The Prague Spring 1968: A National Security Archive Documents Reader

By Jaromír Navrátil | Go to book overview

DOCUMENT No. 14: Stenographic Account of the Dresden Meeting,
March 23,1968 (Excerpts)

Source: SAPMOB, ZPA, IV 2/201/778; Vondrová & Navrátil, vol. 1, pp. 73–117.

This stenographic account of the Dresden meeting of the Warsaw "Five "leaders is the only comprehen-
sive record of the concerns and pressure put on CPCz leaders at the time. It is particularly useful in highlighting
the way they were deceived about the intent of the conference. The Czechoslovak delegation, consisting
of Dubček, Čemík, Jozef Lenárt, Drahomír Kolder, and Vasil Bitak, had come to Dresden expecting to
discuss questions of economic cooperation among the East-bloc states. This expectation seemed to be
confirmed by the invitations extended to the heads of central planning from all the participating countries,
but the presence of those officials proved to be almost wholly cosmetic. Walter Ulbricht laid out the real
agenda of the meeting in his opening remarks, explaining that the assembled leaders wanted to learn about
the "plans of the Central Committee of the Communist Party of Czechoslovakia" and about the status of
the CPCz's "Action Program." The transcript underscores how uncomfortable Dubcek and his colleagues
were when the underlying purpose of the meeting was described to them. The CPCz first secretary
expressed a strong "reservation "from the outset about the sudden change of agenda, but he and the four
other Czechoslovak officials did not refuse to take part. Their participation inadvertently legitimized the
notion that Czechoslovakia's "internal affairs "were a valid topic for a multilateral conference.

The transcript is also valuable in showing how the "Five" Warsaw Pact countries came to adopt
different approaches during the early stages of the crisis. Gomulka's pronounced hostility toward the
Prague Spring clearly stemmed in part from the difficulties he had been encountering at home, which he
suspected were being inspired, at least indirectly, by the events in Czechoslovakia. Dubček's inability to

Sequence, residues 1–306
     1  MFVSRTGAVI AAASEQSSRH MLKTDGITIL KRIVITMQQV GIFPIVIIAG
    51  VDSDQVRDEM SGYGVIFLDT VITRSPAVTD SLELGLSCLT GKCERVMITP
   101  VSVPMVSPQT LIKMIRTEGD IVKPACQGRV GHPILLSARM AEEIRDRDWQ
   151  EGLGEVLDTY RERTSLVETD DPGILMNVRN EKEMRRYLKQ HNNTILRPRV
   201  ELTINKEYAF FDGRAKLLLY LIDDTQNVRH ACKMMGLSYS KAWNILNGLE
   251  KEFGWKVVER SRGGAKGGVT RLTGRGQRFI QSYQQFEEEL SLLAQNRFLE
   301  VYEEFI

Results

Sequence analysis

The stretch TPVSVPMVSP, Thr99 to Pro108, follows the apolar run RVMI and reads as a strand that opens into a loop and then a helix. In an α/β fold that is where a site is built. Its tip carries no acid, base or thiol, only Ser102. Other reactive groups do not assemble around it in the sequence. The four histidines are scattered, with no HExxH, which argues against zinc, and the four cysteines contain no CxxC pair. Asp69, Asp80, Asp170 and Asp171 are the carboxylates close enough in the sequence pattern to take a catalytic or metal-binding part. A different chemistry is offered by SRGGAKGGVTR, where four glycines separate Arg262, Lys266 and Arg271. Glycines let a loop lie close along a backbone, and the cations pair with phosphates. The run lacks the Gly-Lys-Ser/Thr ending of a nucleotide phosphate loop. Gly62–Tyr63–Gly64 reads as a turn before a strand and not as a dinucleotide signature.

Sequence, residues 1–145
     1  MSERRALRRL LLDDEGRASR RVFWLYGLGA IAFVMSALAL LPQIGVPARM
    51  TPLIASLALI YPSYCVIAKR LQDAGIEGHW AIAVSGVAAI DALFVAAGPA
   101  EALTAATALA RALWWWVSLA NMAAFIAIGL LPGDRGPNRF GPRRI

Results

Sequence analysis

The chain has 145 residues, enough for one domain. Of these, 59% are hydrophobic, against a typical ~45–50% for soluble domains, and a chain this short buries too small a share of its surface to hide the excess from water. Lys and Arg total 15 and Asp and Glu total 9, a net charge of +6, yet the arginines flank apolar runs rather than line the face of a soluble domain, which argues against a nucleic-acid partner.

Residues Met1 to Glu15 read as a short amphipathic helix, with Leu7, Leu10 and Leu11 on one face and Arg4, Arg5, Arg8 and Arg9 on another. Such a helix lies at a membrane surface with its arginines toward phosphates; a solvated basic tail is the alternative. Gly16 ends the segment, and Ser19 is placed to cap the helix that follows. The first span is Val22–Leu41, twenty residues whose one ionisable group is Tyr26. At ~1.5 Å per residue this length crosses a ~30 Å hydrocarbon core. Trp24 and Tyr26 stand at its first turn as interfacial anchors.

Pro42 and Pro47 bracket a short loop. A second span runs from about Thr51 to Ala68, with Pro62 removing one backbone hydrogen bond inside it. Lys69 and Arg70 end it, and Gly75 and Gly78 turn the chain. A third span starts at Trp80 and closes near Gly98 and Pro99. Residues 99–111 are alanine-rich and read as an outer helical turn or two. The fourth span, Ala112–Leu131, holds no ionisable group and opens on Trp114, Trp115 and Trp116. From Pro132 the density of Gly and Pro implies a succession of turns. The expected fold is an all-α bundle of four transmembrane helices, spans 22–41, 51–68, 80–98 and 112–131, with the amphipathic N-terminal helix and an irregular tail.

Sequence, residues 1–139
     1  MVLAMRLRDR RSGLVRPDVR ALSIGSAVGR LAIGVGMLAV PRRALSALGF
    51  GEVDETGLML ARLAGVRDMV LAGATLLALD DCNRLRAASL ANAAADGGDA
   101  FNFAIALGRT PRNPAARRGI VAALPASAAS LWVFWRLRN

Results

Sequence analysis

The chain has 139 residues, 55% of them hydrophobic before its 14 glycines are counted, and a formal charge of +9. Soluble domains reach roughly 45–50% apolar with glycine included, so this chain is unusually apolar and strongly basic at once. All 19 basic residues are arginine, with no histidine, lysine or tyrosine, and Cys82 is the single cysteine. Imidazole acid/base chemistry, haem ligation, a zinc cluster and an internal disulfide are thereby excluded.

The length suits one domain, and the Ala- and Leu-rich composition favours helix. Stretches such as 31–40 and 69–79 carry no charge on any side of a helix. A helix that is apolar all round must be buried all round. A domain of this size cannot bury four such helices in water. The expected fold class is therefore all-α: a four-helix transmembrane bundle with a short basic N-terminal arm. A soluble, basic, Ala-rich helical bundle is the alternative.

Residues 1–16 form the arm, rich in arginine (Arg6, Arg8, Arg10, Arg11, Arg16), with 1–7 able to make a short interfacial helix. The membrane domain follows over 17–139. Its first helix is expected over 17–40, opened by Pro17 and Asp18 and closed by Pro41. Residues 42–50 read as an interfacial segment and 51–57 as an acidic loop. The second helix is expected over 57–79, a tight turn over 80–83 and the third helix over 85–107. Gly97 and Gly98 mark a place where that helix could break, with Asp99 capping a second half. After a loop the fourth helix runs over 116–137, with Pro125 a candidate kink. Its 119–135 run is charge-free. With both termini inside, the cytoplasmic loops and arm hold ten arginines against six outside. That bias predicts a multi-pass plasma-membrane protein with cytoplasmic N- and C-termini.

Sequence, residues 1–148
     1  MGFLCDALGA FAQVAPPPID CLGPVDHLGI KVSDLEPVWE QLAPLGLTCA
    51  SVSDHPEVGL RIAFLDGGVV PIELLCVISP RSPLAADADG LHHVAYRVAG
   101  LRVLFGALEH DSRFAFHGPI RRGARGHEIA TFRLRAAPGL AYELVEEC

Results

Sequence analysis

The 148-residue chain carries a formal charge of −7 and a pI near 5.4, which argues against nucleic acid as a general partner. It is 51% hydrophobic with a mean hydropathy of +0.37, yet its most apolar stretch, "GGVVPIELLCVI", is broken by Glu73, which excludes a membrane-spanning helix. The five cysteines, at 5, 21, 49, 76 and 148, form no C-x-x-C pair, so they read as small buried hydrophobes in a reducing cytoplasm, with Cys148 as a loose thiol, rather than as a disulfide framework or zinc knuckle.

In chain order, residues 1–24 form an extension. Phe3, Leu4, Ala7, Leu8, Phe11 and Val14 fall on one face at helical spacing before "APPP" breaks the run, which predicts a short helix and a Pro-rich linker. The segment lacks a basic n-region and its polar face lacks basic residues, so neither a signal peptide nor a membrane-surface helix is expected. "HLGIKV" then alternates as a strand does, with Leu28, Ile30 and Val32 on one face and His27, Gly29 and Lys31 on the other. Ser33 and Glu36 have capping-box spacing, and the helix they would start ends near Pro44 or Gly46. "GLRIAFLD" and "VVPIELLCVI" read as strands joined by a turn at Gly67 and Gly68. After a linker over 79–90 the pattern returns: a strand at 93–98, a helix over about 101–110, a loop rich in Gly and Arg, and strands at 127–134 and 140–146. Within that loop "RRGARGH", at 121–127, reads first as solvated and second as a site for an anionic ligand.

assuage the Polish leader's concerns became evident a few days after the Dresden meeting, when Gomulka
told a secret conclave of PZPR regional first secretaries that the talks in Dresden had confirmed that
"anti-socialist" youth and intellectuals in Poland were like "vessels in communication "with the reformist
elements in Prague (AAN, KC PZPR, P. 1, T. 298). Ulbricht, for his part, was also wary of the domestic
repercussions from the Prague Spring, but he was even more eager to ensure that the Dresden conference
would reaffirm Czechoslovakia's stand against "our common mortal enemy, imperialism," and specifi-
cally against the "revanchist" brand of imperialism in the FRG. Brezhnev's approach was less extreme
than Gomulka'swhich was beneficial for the "Five "in many respects because it made the Soviet leader
appear conciliatory by comparisonbut all the CPSU delegates, especially Aleksei Kosygin, made no
attempt to hide their growing dissatisfaction with recent developments. Of the leaders of the "Five," only
Kádár had any hope that the "Czechoslovak comrades themselves know best" how to cope with their own
problems. Even Kádár however, sought to convince Dubcek and the other CPCz officials that resolute
measures must be taken soon to prevent the onset of a full-fledged "counterrevolution "in Czechoslovakia.

The positions of the various countries remained essentially along these lines until just after the Warsaw
Meeting in mid-July (see Document No. 52), when a greater consensus emerged among the "Five "(and
within Moscow) about the need for military intervention if prompt and decisive steps were not adopted by
the CPCz leadership. In the meantime, the differing approaches of the "Five," as the Dresden conference
well illustrated, proved useful for the Soviet leadership. The harsh views of Gomulka and Ulbricht helped
put pressure on the Czechoslovak authorities, whereas Kádár's approach facilitated Soviet attempts to
rely on "comradely persuasion "as well as coercion. The Dresden conference thus served as a microcosm
of the way Brezhnev managed the whole crisis during the first seven months of 1968.

Only recently it came to light that a secret stenographic recordalbeit a somewhat incomplete
onewas kept by East German officials, thanks to a hidden recording system. The proceedings were
apparently taped and transcribed without the knowledge of the other participants, including the Soviet
delegates. This excerptcharacterized by the sometimes impenetrable language of the monologuesis
based on that secret record.

L. Brezhnev: Unfortunately, we do not have full information on the course of the December Plenum and the January Plenum. It is, of course, no secret—one can take a look at it in the

-64-

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